Saylor says he’s understanding that other developers are still working out how to add accessibility to their games, but he’s hopeful that Naughty Dog’s efforts with The Last of Us Part II can help set them on the right path.
“That game is a huge push in the accessibility community. I think within about five to 10 years we’ll start to see studios adopt [those features] — what that game did for the industry was it at least showed a process that other studios can duplicate and copy,” explains Saylor. “Because before, everyone was trying their own thing and figuring things out as they go.”
He also notes that there’s a cultural divide in the global developer space, where accessibility is “really starting to become adopted as part of the development process in Western studios,” but is “still not necessarily a focus” in the Asian market.
This was most recently on display in Capcom’s survival horror hit Resident Evil Village, which was criticized by the accessibility community for having barebones subtitle options and virtually nothing else for disabled gamers.
In fact, Courtney Craven, founder of the gaming accessibility website Can I Play That?, wrote in their Village review that the game is “an inaccessible mess,” continuing a disappointing trend from previous Resident Evil entries. It’s only after fans voiced these concerns that Capcom told The Gamer that accessibility features are now “under consideration.”
“I’m hoping that studios like Capcom and others [will make accessibility] part of the process,” says Saylor.
Letting disabled gamers be part of the preview cycle
Beyond studios implementing features into their games, Saylor says he hopes disabled gamers are given the same opportunities that traditional media are afforded.
Typically, select members of the press are invited to speak with some developers or even get an exclusive preview of a game. But Saylor notes that the accessibility community is often excluded from these events, which makes it difficult for those with disabilities to learn whether a game is for them before making a purchase.
“The common misconception is you need to make accessibility a marketing beat, like ‘here’s what we’re doing for accessibility.’ […] But what we’re trying to say is ‘yes, that’s great, knowing that this information is part of the marketing is awesome, but also, accessibility should be part of these previews across the board.”
He pointed to the recent Ratchet & Clank: Rift Apart media preview event in which no disabled creators were seemingly present. Knowing that the game had at least some accessibility features after seeing a recent PlayStation presentation, Saylor reached out to various people in the games media on Twitter to see if they learned more during the preview. The experience wasn’t very illuminating.
“Really, no one knew about it or how to follow up to ask more information about it,” he says. Instead, he had to rely on random tidbits from those who attended to paint a clearer picture. “I’m like, ‘okay, but it would be nice to have all the information in one spot, instead of having to get it through several areas.” In its own story about Rift Apart, Can I Play That? only had the replies to Saylor’s tweet to go off of.
“It would have been great to have disabled creators at least be a part of [that preview], so we could ask questions if we needed to, or at least understand the context and be able to provide this information either to other outlets or just through our own channels or content,” Saylor says.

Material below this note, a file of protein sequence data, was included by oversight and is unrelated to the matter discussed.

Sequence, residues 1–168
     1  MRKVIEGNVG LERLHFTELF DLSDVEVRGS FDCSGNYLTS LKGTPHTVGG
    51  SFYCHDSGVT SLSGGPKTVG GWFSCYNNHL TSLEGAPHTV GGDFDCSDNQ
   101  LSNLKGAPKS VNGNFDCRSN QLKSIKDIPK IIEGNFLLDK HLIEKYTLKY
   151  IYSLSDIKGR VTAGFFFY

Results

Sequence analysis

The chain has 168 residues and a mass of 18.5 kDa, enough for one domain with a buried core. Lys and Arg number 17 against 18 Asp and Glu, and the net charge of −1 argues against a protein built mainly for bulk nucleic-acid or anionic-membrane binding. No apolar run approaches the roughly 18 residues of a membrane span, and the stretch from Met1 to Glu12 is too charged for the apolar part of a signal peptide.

“We want to be included…”
He mentions all of this not to criticize Insomniac, though, as he’s grateful for its efforts in Ratchet & Clank and previous games. “We know they’re good [about accessibility] — we’ve seen it already in Miles Morales and Spider-Man [Remastered],” he notes. “I just think that marketing missed an opportunity.”
On that note, Saylor gives credit to the team at the popular entertainment content creator group Kinda Funny for giving him a platform to discuss accessibility. He says he’s given feedback to the Kinda Funny hosts about how their coverage of accessibility often lacked context for disabled gamers, and they’ve since brought him on the show multiple times to offer it, including, most recently, on a May 4th episode of its PlayStation podcast, PS I Love You, about the difficult PS5 exclusive Returnal.
“But it’s something that I think other outlets need to do as well, whether that’s having a full-time person that is strictly for accessibility, or at least [one who] can be a part of the news or reviews team to add that context,” he says.
This kind of pre-release accessibility information is essential for a disabled gamer to make an informed purchasing decision. Often, Saylor says, companies will say very little — or even nothing at all — about accessibility options before a game is released. This means that a disabled gamer might have to take a chance on a game only to discover firsthand that it’s unplayable for them.
For example, Saylor says EA didn’t reveal what accessibility options BioWare Edmonton’s just-released Mass Effect: Legendary Edition — the highly-anticipated remaster of the beloved Mass Effect trilogy — would have pre-launch.
“And I can see why there wasn’t any accessibility information being released — because there actually isn’t any,” he points out. In the case of Mass Effect, he says he understands why a remaster — a project that is usually given limited resources — might lack accessibility options, but in general, he just wishes that publishers would at least be transparent about which features aren’t in their games.
“We want to be included,” he says. “Not just to know the information beforehand so we can make our purchase decisions wisely, but also so we can feel like we’re part of this excitement for a game. Because when we don’t know whether accessibility is going to be in the game, we get very cautious about a new release.”
IN CASE YOU MISSED IT
My conversation with @XboxP3 talking Gaming Accessibility at the @MSFTEnable Ability Summit is NOW AVAILABLE IN VOD!
Timestamp is 1:02:19 but you can jump to the section in the keynote with this link: https://t.co/nwCKqUVqco pic.twitter.com/WRqOiJ9dpz